The opening work, Osvaldo Golijov’s Tenebrae was filled not only with the great eclectic composer’s music, but written notes explaining the arcana of the music. Without the notes, one would not have realized the multiple layers. That the harmonies came from a Couperin manuscript, or that it “could be heard as the slow, quiet reading of an illuminated medieval manuscript. singing the letters of the Hebrew Alphabet…ending with the word ‘Jerusalem.’”

That was the composer’s glorious vision. But the effect of the 12-minute piece, dealing was consonant, sometimes modal music coming from afar and near, volumes which seemed to quote old songs (but one was never certain), which had a longing beautiful surface yet underneath throbbing with agony.

M. Moston, W. Basinski (© Coco T. Dawg)

The only problem with this otherwise engrossing concert was that every work had a doppelganger of exegeses and explanations.

On the surface, hearing William Basinski’s Disintegration Loop, one might have been hypnotized by a six-note theme–repeated approximately 300 times.(I asked the composer later, but even he wasn’t certain how many repetitions there were!)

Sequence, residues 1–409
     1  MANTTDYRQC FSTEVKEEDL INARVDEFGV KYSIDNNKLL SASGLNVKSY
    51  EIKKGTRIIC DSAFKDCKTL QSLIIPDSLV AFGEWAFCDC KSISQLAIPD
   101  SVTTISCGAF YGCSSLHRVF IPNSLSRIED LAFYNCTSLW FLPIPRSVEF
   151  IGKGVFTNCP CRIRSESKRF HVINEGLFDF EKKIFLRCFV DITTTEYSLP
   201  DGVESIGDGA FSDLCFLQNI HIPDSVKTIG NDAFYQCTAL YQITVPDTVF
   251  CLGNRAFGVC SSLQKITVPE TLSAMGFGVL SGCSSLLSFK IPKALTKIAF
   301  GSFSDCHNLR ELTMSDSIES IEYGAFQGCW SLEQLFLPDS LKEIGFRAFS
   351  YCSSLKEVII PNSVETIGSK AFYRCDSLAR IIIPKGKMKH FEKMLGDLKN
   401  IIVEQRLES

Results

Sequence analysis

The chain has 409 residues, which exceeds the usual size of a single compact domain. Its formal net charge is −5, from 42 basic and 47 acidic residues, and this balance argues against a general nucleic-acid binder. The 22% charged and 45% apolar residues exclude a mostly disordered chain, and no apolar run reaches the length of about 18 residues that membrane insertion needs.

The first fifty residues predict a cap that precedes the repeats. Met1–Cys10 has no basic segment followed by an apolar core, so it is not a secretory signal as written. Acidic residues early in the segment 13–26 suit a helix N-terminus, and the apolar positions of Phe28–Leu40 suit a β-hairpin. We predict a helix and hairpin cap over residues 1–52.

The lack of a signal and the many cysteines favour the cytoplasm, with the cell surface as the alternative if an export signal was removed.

The could have resembled like Arvo Pärt’s Fratres, but it had a far different series of beginnings. They are too detailed for quoting here, but Mr. Brasinski, who works much with “older” analogue and digital devices, was listening to some 20-year-old tapes he had made of his own music, sitting on a Brooklyn rooftop on September 11, 2001, watching the collapse of the World Trade Center, when noticing, to his horror, that chemically, the old tapes were fragmenting, and that the music was disintegrating.

To quote from his magnificent writing, “In the next days and weeks, I watched as I and my friends disintegrated in our own personal loops of fear and terror…Yet what remained was the heartfelt compassion, kindness and love which makes us human…”

His organic recording of several disintegrating loops has achieved rightful fame. What Maxim Moston has done is orchestrate one particular fragment, repeating its disintegration over a 40-minute spellbinding–not hypnotizing but spellbinding–piece. The theme is stated originally, and mainly played by trombone or horn, with amplified snare drum giving a constant “broken” sound.

The disintegration comes subtly, like some early minimalist changes. But the changes are microtonal, with micro-pauses, mcro-rests, Through Mr. Moston’s delicate orchestration–like a master-jeweler cutting through the most delicate stone–we hear death. The death of a tune. Yet this death is not sudden, but gradual, natural and finally inevitable.

No possible replication can be offered, either by the composer’s explanation or these wholly inadequate words. The background of the original transplanted Upper Egypt temple, the transfixed audience, the elusive 5pm sundown through the clouds, each added to this majestic picture of life and transfiguration.

Harry Rolnick